One solution to the limitations of the virtual presence (for finding others and being found) would be to promote better use of the Web's technological wizardry (hypertext possibilities) to enhance the quality of Web self-presentations and reveal the complexities of our work.
If people find that their work does not coincide with local current ambitions academics the web would help them to explore a revised position for themselves and their work. Furthermore developing a Web presence offers a solution those who lack academic opportunities and the chance of establishing an academic presence because they can't get to conferences, or libraries, or who aren't linked to acceptable institutions. So people for whom their country of origin or their own immediate or local resources are unable to support their financial or academic needs a solution would be to foster a campaign for better access to Web and Internet facilities.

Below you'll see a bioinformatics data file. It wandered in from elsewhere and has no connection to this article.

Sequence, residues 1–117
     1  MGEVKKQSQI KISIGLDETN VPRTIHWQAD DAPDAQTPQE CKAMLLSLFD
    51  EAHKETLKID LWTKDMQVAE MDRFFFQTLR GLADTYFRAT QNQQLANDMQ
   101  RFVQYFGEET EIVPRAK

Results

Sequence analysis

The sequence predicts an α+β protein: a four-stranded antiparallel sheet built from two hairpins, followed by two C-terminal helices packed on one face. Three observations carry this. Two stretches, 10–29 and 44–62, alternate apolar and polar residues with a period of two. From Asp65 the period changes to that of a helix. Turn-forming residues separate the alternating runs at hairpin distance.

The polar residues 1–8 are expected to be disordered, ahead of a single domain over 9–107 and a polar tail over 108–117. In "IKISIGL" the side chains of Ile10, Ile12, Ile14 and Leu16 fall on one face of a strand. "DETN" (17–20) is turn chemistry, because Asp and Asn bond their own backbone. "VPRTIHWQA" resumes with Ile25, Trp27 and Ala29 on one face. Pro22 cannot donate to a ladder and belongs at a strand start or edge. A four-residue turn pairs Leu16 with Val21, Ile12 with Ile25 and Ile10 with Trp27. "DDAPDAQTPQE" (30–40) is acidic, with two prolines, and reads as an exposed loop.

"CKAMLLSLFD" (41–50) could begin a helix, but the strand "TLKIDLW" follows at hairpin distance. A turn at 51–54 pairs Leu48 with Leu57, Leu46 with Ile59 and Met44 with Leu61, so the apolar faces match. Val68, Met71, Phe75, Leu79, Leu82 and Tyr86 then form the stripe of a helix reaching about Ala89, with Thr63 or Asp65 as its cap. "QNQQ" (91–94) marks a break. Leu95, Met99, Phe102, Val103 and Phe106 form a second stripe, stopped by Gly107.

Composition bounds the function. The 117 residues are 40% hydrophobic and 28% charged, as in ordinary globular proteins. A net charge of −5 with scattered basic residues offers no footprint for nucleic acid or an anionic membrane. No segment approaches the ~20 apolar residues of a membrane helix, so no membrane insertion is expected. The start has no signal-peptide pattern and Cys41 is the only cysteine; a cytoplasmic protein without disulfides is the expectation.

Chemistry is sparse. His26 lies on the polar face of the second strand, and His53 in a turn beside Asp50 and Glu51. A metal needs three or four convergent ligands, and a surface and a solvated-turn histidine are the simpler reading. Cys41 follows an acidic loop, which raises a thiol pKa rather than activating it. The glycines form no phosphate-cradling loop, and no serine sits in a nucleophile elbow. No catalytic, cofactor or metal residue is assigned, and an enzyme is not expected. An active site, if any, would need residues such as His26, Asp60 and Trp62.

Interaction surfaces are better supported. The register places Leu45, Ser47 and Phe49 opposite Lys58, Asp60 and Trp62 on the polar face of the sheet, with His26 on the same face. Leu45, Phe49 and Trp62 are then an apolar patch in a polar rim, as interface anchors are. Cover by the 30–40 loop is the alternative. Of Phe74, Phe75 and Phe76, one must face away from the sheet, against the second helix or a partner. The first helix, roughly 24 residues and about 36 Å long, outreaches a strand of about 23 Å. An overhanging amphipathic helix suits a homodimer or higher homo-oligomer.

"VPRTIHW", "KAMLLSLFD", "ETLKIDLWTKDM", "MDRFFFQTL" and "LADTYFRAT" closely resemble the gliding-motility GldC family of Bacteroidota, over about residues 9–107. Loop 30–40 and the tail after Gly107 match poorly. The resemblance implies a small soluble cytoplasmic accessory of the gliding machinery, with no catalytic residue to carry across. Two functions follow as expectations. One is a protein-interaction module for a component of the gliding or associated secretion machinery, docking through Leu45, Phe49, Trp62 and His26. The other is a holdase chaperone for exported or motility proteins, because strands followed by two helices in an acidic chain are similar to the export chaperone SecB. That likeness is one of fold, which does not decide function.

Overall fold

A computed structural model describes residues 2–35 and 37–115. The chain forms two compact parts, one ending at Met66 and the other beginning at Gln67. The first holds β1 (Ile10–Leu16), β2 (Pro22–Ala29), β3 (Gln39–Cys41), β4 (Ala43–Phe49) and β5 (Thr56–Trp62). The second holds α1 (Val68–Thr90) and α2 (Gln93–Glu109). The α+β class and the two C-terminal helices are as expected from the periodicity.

A wider acceptance of the Web as source for expertise would give confidence to those who may have access to an expert who might be guiding but restricting. The wider view would also enable those people developing independent /distance/lifelong learning skills to tap into the psychological, social and ethical benefits of shared endeavour and the sense of belonging to a wide academic community.